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By R. Michael Appleby
Standardizingsurgical instruments used in various departments in the hospital can controlcosts, increase instrument processing efficiencies, and help in trainingpersonnel.
The challenge for instrument-using departments today is offering surgeons thespecific instrument they need to perform a procedure, while keeping costs undercontrol. The goal of instrument standardization is to identify one pattern of aspecific instrument to be included throughout all the instrument sets beingused. This facilitates the processing department's ability to replace missing orbroken instruments in instrument sets, and the surgeon's comfort level whenusing standard instruments in different sets. It also reduces training time forprocessing personnel, as there are fewer specific instrument patterns to learn.
Selecting a Vendor
The first decision to make is determining which instrument vendor willbe the primary vendor. National contracts might dictate which vendor you use,but when the choice is not limited, there are a number of factors to consider. Aknowledgeable sales representative from a company that offers a wide variety ofinstrument patterns for a large number of surgical specialties can provideinvaluable assistance in instrument standardization. The vendor should offerinstruments in several quality tiers, so you can purchase the appropriateinstrument for the intended use. Some vendors can provide a computerizedsoftware package to assist in instrument asset management and standardization.
A good computer program should offer an electronic catalog with pictures of amultitude of surgical instruments. Technicians should be able to add instrumentsthat might not be in the catalog but are included in their instrument sets. Thesoftware also should allow technicians to build instrument set "picklists" and print these out for inclusion with the processed sets. It ishelpful in keeping track of instruments that are lost or out for repair, as wellas in creating requisitions for instruments to be purchased. In addition, such asystem should be able to generate a variety of reports to aid in instrumentasset management. Many vendors offer such programs, although some might requirepurchase commitments for advanced versions or value-added features. Once adepartment has selected a prime vendor for its surgical instrument needs, thestaff can begin to standardize the patterns for purchasing.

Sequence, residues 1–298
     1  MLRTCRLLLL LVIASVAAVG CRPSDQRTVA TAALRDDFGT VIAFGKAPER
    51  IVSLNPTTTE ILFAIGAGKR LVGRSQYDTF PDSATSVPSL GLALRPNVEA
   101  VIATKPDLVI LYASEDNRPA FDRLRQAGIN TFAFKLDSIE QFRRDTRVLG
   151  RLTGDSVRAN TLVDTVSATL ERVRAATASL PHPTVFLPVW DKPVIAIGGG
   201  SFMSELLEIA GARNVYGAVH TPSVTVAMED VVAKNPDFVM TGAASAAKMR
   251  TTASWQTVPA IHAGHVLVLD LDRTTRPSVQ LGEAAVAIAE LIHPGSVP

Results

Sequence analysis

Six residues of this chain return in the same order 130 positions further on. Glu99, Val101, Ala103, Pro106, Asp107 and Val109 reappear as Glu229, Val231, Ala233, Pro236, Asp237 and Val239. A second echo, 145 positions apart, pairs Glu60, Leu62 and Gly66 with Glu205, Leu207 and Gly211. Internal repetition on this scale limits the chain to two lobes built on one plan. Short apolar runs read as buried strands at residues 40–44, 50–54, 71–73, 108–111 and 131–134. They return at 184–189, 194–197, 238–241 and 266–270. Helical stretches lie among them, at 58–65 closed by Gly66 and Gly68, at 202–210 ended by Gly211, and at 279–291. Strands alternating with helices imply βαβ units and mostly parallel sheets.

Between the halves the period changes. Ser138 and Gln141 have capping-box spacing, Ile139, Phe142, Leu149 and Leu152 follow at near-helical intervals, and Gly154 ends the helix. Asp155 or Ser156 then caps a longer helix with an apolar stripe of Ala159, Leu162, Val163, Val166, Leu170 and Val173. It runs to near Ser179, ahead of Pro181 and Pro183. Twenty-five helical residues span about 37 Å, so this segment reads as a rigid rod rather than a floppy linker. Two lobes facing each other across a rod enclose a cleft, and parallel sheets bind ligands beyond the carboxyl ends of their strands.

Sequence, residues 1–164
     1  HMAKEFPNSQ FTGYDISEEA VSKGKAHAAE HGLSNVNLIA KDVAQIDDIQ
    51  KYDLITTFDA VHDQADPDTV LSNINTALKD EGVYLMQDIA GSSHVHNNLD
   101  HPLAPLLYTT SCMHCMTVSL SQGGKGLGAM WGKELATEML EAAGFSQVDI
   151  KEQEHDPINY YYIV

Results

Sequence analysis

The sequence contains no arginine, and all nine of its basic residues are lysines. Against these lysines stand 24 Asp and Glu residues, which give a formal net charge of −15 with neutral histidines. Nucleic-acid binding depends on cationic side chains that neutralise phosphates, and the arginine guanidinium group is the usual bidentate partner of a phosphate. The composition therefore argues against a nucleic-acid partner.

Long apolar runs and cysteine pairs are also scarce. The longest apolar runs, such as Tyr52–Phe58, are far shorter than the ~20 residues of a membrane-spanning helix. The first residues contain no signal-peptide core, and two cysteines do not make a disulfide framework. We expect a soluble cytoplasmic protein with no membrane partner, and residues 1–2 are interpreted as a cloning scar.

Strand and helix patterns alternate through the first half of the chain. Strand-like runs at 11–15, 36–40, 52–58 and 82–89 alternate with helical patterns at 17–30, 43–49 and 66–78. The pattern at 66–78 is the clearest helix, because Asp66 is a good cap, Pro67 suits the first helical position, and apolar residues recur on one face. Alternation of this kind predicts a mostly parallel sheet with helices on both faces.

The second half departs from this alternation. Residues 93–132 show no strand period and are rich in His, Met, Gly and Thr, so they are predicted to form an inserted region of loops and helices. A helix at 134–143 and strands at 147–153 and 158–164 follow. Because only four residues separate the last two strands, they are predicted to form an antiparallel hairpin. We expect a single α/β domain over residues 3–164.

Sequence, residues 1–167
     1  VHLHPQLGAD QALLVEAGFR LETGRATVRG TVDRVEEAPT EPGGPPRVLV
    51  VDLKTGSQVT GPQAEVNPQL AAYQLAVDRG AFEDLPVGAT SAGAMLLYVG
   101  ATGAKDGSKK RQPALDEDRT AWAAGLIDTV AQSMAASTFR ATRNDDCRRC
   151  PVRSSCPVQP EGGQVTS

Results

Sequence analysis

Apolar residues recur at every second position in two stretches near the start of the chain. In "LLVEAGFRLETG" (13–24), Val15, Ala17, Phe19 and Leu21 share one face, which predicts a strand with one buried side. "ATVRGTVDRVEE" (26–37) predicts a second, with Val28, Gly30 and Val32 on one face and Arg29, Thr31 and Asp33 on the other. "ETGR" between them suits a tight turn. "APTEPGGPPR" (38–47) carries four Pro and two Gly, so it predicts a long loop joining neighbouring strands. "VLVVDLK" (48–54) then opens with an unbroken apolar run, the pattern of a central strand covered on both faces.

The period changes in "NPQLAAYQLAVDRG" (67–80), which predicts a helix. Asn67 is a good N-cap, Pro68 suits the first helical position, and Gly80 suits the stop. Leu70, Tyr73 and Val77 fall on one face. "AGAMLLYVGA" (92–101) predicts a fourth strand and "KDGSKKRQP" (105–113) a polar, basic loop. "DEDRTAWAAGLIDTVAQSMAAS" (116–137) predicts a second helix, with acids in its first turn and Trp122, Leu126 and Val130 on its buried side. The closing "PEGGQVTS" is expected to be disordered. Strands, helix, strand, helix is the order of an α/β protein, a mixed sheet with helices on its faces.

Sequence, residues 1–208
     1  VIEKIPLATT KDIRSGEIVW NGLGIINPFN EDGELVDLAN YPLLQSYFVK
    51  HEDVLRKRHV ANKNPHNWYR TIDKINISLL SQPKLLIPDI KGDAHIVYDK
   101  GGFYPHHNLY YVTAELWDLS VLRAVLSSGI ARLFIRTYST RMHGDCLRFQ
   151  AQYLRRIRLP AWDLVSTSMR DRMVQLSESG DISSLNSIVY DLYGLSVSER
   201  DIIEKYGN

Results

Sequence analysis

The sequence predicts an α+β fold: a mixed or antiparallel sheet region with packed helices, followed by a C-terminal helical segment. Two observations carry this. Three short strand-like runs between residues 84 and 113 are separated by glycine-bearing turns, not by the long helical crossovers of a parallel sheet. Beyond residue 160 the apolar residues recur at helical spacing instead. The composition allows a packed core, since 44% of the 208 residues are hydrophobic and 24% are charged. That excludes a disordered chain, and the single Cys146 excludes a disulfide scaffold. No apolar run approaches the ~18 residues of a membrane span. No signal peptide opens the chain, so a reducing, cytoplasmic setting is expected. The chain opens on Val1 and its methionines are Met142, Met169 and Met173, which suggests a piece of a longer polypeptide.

The Quality Decision
Surgical instruments can be standardized based on quality as well asspecific patterns. Instruments used in the ER or on the floor, which might bethrown out with the trash or stolen, do not have to be of the same high qualityas instruments for the operating room, labor and delivery, or outpatientsurgery. There are a number of cost-effective options for areas that do notrequire the highest quality instruments. These include prepackaged steriledisposable instrument sets, or sets that are made up in-house, using lowerquality instruments, and reprocessed after every use. Decide which is the mostcost-effective choice and which provides appropriate consistency in quality andpattern for the intended use. These patterns may be standardized in the samemanner as first line patterns.